Harris immersed himself in the activities of the Church of England at York. He took services and preached in the churches of the town and the surrounding countryside, and assisted the Society for Promoting Christian Knowledge and the Sunday School Society of the Diocese of Quebec. His support of the York Auxiliary Bible Society, however, brought him into further conflict with Strachan, who in 1832 published a pamphlet on John Henry Hobart, Episcopalian bishop of New York, in which he repeated Hobart’s harsh strictures on non-denominational Bible societies and condemned Anglicans who participated in them. Harris was provoked into composing a rejoinder in which he defended the activities and purposes of these organizations.
Harris’ first wife, Charlotte Ann, died in 1834 and he married Jane Yonge, sister-in-law of Sir John Colborne, in 1837. In July, perhaps dismayed by the continued criticism of the college, Harris submitted his resignation as principal to take effect on 1 April 1838. He returned to England. In 1845 he became curate of Cockington, Devon, and in 1848 was presented to the living of Tormoham-with-Torquay, where he remained as vicar until 1879. He retired in that year to Torquay where he died in 1881.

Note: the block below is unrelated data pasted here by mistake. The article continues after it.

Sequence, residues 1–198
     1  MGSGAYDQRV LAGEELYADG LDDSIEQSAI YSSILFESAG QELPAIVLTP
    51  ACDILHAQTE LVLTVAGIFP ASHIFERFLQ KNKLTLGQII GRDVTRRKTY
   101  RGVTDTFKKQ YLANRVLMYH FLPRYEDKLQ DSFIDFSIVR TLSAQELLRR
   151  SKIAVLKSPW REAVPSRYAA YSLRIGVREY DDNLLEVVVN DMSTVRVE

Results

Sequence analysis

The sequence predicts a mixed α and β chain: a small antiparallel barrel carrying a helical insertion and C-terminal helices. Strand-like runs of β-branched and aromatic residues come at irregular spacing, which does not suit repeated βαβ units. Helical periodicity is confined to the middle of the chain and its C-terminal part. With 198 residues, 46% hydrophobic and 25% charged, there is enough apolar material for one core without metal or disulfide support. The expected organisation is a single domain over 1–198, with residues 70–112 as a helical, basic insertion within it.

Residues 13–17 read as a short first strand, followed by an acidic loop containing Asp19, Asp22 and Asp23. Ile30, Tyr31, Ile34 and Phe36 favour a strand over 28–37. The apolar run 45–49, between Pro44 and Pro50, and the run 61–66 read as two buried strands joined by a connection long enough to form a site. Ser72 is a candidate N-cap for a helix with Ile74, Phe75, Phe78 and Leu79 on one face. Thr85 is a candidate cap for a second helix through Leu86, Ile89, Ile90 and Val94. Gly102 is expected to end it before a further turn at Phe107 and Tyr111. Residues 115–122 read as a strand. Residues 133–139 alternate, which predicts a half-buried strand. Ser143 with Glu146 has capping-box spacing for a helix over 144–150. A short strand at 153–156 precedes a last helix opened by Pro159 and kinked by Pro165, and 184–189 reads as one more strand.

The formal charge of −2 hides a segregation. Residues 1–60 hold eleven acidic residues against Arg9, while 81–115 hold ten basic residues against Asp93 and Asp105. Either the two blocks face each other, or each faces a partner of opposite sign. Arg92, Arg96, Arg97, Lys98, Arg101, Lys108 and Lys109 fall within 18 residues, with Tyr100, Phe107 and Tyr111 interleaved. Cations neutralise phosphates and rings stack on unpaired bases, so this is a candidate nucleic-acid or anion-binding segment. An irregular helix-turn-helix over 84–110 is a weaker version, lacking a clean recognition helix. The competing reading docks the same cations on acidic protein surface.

J. H. Harris was the author of A letter to the Hon. & Ven. Archdeacon Strachan in reply to some passages in his “Letter to Dr. Chalmers on the life and character of Bishop Hobart,” respecting the principles and effects of the Bible Society (York [Toronto], 1833); Observations on Upper Canada College (Toronto, 1836); and A sermon, preached at St. James’s Church, York; on Sunday, March, 17th 1833, in aid of the Sunday School Society, for the Diocese of Quebec . . . (York, n.d.). Other works by Harris are listed in British Museum general catalogue.
AO, Strachan (John) papers, Letterbooks, 1812–34, 1827–34. PAC, RG 5, B11, 4. UTA, A73-0015/001, Upper Canada, General Board of Education, Minutes, 14 June 1823–11 March 1833 (copies at AO); A74-0018, Upper Canada College records. Doc. hist. of education in U.C. (Hodgins), I: 284–90; II: 94–96, 171–74; III: 184. The Town of York, 1815–1834: a further collection of documents of early Toronto, ed. with intro. E. G. Firth (Toronto, 1966). Patriot (Toronto), 1834, 1837. Upper Canada Gazette (York), 1829. Alumni Cantabrigienses . . . , comp. John and J. A. Venn (2 pts. in 10v., Cambridge, Eng., 1922–54), pt.II, vol. III: 255. Dominion annual register, 1880–81: 410–11. The roll of pupils of Upper Canada College, Toronto, January, 1830, to June, 1916, ed. A. H. Young (Kingston, Ont., 1917), 54. Wallace, Macmillan dict., 301. A history of Upper Canada College, 1829–1892; with contributions by old Upper Canada College boys, lists of head boys, exhibitioners, university scholars and medallists, and a roll of the school, comp. George Dickson and G. M. Adam (Toronto, 1893), 25–30, 50–64. R. B. Howard, Upper Canada College, 1829–1979: Colborne’s legacy (Toronto, 1979).